For environments that require conventional secrets (passwords, API tokens, certificates), PrivX offers a secure Secrets Vault, which avoids the problem of hackers breaking into the network and stealing hardcoded or unsecured credentials, says the company. For OT environments, all of the above applies, but PrivX is also equipped with Network Target Access (NTA) functionality that enables access based on industrial communication protocols.

SSH Communications Security argues that this ability to track and manage every type of credential in a centralized way is fundamental to securing privileged accounts, citing one customer who discovered it had a million SSH keys alone throughout its environment. Equally, being able to dispense with permanent credentials such as passwords removes the chore of having to constantly rotate and store them.

To verify the ID of high-impact users, comes equipped with strong, phishing-resistant multi-factor authentication (MFA) for access, says the company. When extended with device trust, the security posture of the device and the validity of the session is continuously monitored, and in case of anomalies (such as anti-virus going offline), is also automatically terminated.

Customer use cases and UKM show worth

PrivX is currently used by customers across a variety of industry verticals:

- A Fortune 500 company used it to manage secure access for admins and DevOps to its large Kubernetes container environment without the risk associated with traditional credentials and keys. Built on microservices, like the Kubernetes environment itself, PrivX was able to meet the high-performance and scalability requirements set by the customer. With an agentless deployment, the solution also ensured a zero touch environment without the customer having to change the configurations of production scripts or targets.

- A telecom company used it to enable secure access to its network by multiple third-party service providers (static credentials would have created a risk of password sharing or compromise for accounts with high privileges). An added advantage was PrivX's simple integration with an existing Windows Active Directory (AD) for authorization and access control.

While PrivX includes the ability to manage SSH keys centrally alongside other credentials, some customers require dedicated SSH management, particularly within the context of machine-to-machine and test-to-production connectivity. That's where the second module - the Universal SSH Key Manager (UKM) – comes into play.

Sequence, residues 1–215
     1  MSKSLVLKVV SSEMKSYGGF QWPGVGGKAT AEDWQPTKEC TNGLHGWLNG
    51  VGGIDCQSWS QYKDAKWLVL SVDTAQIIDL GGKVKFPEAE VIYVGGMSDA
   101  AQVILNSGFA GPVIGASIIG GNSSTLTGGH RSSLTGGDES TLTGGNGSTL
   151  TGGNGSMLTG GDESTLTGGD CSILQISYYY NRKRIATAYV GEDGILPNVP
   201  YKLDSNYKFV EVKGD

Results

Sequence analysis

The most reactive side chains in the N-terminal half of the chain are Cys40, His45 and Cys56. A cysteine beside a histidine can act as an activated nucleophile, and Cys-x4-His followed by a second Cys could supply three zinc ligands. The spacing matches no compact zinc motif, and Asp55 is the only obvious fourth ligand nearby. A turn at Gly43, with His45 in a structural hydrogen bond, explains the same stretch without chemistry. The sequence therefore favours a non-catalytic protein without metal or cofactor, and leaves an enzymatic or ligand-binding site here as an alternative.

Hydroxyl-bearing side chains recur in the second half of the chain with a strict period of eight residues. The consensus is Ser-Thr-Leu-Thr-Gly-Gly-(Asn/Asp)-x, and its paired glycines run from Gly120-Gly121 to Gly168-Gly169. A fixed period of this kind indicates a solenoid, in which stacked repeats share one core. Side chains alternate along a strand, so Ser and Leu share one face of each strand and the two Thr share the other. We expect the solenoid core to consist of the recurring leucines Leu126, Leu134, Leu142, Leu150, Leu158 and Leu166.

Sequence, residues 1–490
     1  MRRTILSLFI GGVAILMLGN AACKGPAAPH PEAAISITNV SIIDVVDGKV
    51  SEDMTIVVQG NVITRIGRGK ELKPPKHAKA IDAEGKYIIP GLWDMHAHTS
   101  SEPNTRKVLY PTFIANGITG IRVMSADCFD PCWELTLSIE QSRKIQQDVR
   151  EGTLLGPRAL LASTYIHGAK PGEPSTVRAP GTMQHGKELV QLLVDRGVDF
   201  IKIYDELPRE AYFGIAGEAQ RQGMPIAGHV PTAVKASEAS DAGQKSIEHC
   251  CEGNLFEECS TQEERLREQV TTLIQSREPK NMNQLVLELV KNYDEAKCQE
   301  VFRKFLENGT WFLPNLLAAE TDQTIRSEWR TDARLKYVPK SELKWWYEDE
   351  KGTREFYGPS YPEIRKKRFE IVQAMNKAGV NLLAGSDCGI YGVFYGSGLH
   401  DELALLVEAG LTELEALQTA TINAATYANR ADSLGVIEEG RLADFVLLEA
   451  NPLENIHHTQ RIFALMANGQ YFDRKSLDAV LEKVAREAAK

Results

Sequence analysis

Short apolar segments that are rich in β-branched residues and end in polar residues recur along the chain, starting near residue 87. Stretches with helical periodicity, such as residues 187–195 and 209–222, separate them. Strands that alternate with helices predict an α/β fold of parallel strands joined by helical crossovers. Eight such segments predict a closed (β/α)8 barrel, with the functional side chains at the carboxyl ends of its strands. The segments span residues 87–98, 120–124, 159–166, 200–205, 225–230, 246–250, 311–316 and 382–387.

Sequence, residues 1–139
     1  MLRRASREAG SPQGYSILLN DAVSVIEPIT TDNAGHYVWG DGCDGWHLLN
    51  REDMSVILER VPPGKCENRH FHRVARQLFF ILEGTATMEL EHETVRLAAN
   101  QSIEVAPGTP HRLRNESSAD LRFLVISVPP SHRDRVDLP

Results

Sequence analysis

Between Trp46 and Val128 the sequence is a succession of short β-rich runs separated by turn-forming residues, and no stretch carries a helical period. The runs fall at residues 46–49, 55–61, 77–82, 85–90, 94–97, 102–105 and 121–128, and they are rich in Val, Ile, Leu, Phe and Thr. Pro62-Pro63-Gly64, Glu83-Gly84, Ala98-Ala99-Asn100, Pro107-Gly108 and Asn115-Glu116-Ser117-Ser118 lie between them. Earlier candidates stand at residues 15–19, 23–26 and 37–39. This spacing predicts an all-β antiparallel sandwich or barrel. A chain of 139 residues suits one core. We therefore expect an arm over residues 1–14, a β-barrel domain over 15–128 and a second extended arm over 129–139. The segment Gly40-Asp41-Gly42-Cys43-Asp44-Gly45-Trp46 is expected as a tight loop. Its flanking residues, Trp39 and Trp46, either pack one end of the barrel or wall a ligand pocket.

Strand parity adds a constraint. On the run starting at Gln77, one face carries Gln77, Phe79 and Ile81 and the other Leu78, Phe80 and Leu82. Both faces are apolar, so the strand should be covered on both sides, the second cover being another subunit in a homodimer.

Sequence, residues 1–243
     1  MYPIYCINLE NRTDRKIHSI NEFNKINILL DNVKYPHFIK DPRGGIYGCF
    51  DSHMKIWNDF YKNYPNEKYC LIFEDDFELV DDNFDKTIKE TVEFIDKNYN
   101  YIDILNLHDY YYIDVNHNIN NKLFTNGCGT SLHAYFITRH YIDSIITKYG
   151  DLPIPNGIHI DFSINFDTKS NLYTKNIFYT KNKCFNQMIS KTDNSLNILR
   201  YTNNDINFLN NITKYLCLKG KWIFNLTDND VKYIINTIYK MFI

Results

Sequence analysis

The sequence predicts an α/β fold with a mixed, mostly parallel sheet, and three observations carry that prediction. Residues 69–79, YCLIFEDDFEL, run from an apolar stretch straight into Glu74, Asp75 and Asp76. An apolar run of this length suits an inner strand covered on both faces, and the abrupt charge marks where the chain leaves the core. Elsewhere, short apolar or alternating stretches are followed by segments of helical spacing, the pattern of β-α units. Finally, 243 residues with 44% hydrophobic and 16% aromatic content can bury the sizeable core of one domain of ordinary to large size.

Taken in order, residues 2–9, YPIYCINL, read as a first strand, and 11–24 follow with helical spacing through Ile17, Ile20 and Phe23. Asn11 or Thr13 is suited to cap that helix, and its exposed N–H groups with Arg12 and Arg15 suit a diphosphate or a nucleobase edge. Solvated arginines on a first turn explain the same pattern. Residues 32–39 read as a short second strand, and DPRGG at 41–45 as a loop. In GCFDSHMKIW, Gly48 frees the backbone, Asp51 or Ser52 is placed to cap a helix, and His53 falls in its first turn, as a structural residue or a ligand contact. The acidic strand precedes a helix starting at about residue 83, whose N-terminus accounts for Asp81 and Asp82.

The UKM allows customers to uncover SSH keys of all types in their environment, create a policy report of compliance, remedy to ensure key management complies with local regulations and best practice (ie the NIST framework), and automatically rotate these when they reach a given age. As with PrivX, the UKM allows migration for an entirely keyless access with just-in-time authentication, and integrates with AD and IAMs such as Entra ID (formerly Azure AD) via SAML 2.0.

UKM's features include the ability to scan SSH keys for encryption schemes that might be vulnerable to future quantum computers. Through this, organizations can discover which algorithms they are using currently will need to be replaced with quantum-safe post-quantum cryptography (PQC) equivalents over time. This might sound like a worry for the future but the rapid maturing of PQC algorithms under NIST suggests the issue of quantum-safe migration should be assessed as soon as possible.

Overcoming email data security weaknesses

SSH Secure Collaboration is a suite of applications designed to overcome the data security weaknesses that arise from using email, video conferencing and instant messaging applications to share data between employees or with customers. The obvious use case for this is in regulated environments where data exchange is tightly controlled. Customers can access a secure application where conventional email or IM would be too risky, with all data stored in encrypted form while at rest or in transit. All communication can be verified with digital signing to ensure document integrity, and there's a solid audit trail of activities to help organizations avoid the fate of the Wall Street companies which were fined for not following the record-keeping requirements.

Tectia is a secure remote access and file transfer/secure tunneling tool for moving data between machines using SFTP or SCP, eliminating static credentials and identities in favor of role-based access control (RBAC). The latter allows organizations to adhere to the principle of zero trust. Use cases include exchanging patient data in healthcare in a compliant way, secure software distribution, and sending and receiving orders or quotes in manufacturing.

Where organizations in highly sensitive environments are concerned about the threat posed by quantum computers, a separate Quantum-Safe Edition implements post-quantum cryptography (PQC) to resist attacks, including that public-key encrypted data might be stolen today and stored until a quantum device able to decrypt it becomes available (the uncomfortably plausible 'download now, decrypt later' scenario).

The biggest problem with zero trust is that it is a security principle – trust nothing - rather than a defined technology. It tells people what to do but not how to do it. What's clear is that the assumed trust of traditional password credentials and security perimeters no longer cuts it. This is a difficult message to deliver; simply abandoning passwords is challenging and, in some cases, impossible. Authentication happens in so many ways today that organizations need multiple systems for different contexts. This is perhaps the biggest promise of Zero Trust Suite, namely that complex security requirements can be managed through a single access management system that offers a unique set of applications for securing communications between humans, systems, applications and networks.

Sponsored by SSH Communications Security.